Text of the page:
Nemesis Network Module API

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This document describes the Nemesis network module API. Nemesis allows a process to use multiple network interfaces. However, only one network interface can be used for one destination, e.g., sending a message to one destination using two network modules is not supported.

Initialization and Finalization

 int MPID_nem_net_module_init (MPIDI_PG_t *pg_p, int pg_rank, 
                               char **bc_val_p, int *val_max_sz_p)
 int MPID_nem_net_module_finalize (void);
 int MPID_nem_net_module_ckpt_shutdown (void);
 int MPID_nem_net_module_get_business_card (int my_rank, char **bc_val_p, int *val_max_sz_p);
 int MPID_nem_net_module_connect_to_root (const char *business_card, MPIDI_VC_t *new_vc);
 int MPID_nem_net_module_vc_init (MPIDI_VC_t *vc, const char *business_card);
 int MPID_nem_net_module_vc_destroy(MPIDI_VC_t *vc);

Descriptions needed.

 int MPID_nem_net_module_vc_terminate(MPIDI_VC_t *vc);

This function is called when CH3 has closed the VC. The netmod should allow any pending sends to complete and close the connection. (Note that in a connectionless network, there may be nothing to close, so essentially this means that the VC should be returned to the state it was in immediately after vc_init().) The VC may be used for communication again later.Once all pending sends have been sent and the connection is closed, the netmod should call MPIDI_CH3U_Handle_connection(vc, MPIDI_VC_EVENT_TERMINATED).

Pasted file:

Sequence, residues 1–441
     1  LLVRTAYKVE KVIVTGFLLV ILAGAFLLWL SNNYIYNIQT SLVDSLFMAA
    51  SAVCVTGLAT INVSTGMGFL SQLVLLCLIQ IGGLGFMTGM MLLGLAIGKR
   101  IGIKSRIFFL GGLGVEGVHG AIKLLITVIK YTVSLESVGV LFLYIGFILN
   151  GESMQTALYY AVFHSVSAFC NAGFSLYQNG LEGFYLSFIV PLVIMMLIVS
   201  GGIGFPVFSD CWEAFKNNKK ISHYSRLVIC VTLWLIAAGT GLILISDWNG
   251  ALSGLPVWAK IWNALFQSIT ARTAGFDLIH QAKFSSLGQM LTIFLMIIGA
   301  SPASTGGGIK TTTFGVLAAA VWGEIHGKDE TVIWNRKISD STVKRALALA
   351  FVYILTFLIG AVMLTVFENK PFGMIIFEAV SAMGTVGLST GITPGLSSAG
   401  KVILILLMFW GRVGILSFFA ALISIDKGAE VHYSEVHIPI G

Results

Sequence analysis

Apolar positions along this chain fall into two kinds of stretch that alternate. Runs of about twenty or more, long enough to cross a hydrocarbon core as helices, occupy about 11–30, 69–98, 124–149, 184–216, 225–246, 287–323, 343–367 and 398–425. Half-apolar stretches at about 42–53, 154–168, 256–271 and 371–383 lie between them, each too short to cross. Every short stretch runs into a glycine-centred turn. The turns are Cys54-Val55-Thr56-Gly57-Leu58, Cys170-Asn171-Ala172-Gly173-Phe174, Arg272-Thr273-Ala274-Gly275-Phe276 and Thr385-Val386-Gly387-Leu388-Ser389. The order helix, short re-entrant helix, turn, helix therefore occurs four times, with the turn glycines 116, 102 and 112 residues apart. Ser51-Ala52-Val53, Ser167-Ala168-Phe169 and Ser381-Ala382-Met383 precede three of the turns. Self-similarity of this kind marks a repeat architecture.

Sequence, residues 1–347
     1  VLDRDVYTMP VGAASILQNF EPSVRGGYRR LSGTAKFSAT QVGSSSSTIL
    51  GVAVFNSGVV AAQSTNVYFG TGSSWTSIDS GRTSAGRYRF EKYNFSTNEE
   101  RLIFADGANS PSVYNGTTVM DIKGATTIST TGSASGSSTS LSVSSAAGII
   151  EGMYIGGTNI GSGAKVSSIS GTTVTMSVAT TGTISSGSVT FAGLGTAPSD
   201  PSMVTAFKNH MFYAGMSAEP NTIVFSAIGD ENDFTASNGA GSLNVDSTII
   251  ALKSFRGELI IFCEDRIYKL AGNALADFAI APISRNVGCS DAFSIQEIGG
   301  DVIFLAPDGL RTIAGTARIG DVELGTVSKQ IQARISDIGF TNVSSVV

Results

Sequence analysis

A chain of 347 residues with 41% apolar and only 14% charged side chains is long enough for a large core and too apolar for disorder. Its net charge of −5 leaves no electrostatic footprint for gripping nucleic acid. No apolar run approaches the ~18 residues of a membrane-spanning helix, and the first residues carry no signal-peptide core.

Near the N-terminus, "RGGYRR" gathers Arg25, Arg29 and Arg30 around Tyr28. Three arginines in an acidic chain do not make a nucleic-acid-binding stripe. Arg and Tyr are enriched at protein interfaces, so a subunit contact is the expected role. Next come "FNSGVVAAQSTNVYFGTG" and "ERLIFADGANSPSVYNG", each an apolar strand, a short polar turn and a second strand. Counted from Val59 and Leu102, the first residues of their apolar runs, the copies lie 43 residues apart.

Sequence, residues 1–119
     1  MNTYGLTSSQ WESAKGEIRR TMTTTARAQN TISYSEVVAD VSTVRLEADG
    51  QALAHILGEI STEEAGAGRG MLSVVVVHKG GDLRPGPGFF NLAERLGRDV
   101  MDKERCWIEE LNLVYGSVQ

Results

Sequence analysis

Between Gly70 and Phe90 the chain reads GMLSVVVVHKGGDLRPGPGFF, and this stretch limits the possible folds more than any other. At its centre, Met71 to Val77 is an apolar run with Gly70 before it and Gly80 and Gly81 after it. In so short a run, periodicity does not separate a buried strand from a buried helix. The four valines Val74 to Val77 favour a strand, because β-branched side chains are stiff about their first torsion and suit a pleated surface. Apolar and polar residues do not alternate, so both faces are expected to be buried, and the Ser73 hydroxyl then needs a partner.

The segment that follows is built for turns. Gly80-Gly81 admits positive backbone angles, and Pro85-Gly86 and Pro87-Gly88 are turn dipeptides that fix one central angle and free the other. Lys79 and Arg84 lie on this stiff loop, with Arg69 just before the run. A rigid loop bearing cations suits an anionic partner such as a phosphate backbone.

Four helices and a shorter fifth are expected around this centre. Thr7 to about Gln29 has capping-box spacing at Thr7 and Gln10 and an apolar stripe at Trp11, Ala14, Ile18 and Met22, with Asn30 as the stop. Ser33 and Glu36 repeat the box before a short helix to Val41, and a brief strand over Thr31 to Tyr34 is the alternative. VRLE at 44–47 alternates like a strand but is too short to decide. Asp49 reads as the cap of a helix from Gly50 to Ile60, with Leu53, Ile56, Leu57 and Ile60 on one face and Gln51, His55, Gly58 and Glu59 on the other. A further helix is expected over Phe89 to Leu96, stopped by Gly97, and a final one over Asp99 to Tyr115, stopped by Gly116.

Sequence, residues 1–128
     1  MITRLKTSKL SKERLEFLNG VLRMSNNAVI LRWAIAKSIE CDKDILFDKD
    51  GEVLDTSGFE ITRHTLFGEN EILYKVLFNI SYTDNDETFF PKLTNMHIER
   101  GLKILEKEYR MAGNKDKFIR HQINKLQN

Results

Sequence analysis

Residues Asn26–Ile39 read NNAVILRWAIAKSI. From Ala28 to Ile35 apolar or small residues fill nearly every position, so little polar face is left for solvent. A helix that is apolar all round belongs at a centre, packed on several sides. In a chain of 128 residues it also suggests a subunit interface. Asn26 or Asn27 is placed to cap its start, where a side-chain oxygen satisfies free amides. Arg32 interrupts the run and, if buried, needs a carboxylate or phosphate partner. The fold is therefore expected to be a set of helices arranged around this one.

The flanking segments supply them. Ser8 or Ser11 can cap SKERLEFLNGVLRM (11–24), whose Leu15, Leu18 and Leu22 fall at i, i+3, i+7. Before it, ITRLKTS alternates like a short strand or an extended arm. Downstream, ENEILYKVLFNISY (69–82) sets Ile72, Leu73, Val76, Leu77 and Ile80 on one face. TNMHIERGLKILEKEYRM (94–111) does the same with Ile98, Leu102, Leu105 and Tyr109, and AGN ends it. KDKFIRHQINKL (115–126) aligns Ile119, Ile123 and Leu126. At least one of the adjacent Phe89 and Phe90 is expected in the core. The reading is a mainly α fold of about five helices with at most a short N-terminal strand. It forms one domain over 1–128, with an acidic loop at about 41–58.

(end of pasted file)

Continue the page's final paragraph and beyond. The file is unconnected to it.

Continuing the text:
The netmod must not block in this function waiting for sends to complete. If there are pending sends, the netmod should return from this function and call MPIDI_CH3U_Handle_connection() once the sends have completed, e.g., from net_module_poll().

 int MPID_nem_net_module_get_ordering(int *ordering);

This API allows netmod to expose the ordering of Active-Messages-based (AM-based) operations (am_ordering). A netmod may issue some packets via multiple connections in parallel (such as RMA), and those packets can be unordered. In such case, the netmod should return 0 from get_ordering function; otherwise, the netmod returns 1 from get_ordering function. The default value of am_ordering in MPICH is 0. Setting it to 1 may improve the performance of runtime because it does not need to maintain ordering among AM-based operations. One example of implementing the API in MXM netmod is as follows:

int MPID_nem_mxm_get_ordering(int *ordering)
{
  (*ordering) = 1;
  return MPI_SUCCESS;
}

When am_ordering is 1, the MPICH runtime only issues a REQ_ACK at last when it wants to detect remote completion of all operations; when am_ordering is 0, the runtime needs to issue a REQ_ACK with every issued operations to ensure that any future remote completion detection will be correct.